Elderly adults with suffering from cancer in the past received limited treatment for a variety of reasons. Today, as a means to treating older people with cancer, geriatric oncology programs have sprung up around the country. Seniors can have other medical conditions besides cancer and the cancer can impact these diseases. All treatments have to be managed together and that is what a geriatric oncology team does. At certain hospitals, a medical ethicist may also be on staff to handle the often complex questions older patients may face. These include when treatments is called for and when it may be best to hold off.
Treating Elderly Adults
When it comes to treatment for cancer, older adults:
– May be less tolerant of certain treatments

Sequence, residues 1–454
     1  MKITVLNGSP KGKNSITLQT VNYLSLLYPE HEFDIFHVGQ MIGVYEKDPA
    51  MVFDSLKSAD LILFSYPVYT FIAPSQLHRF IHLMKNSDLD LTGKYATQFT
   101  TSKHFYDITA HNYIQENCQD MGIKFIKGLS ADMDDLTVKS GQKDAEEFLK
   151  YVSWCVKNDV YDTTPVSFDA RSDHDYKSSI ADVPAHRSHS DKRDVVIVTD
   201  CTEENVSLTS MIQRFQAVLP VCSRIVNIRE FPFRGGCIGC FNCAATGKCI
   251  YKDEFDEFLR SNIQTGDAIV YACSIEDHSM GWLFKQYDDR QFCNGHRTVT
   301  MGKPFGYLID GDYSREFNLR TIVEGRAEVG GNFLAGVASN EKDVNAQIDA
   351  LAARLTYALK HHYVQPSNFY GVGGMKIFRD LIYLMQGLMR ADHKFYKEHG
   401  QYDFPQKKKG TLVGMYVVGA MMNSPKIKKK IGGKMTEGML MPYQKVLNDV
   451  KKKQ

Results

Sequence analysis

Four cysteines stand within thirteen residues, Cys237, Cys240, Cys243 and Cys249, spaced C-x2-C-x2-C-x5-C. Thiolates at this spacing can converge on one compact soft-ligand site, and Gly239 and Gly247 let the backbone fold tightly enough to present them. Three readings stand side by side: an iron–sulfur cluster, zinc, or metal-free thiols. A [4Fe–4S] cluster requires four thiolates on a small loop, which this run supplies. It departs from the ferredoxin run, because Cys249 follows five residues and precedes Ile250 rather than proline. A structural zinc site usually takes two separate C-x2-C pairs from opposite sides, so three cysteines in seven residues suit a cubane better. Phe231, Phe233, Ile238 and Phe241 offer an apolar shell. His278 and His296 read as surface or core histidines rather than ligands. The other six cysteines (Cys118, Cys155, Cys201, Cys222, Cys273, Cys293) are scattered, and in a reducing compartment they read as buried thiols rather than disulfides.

– Have decreased reserve (i.e. a capacity to respond to disease and treatment)
– Have other medical problems that need to be addressed
– Have functional problems, such as memory loss or a problem with their ADL’s (Activities of Daily Living)
– May lack a support network
Additionally, medical professionals need to take into accountability a person’s susceptibility of falling and breaking a hip, which can compromise cancer treatment. Physical therapy may need to be prescribed to increase strength. Nutrition may pose a problem when it comes to tolerating certain types of treatment. A dietitian or nutritionist may need to create a plan to boost the patient’s health status prior to any intervention.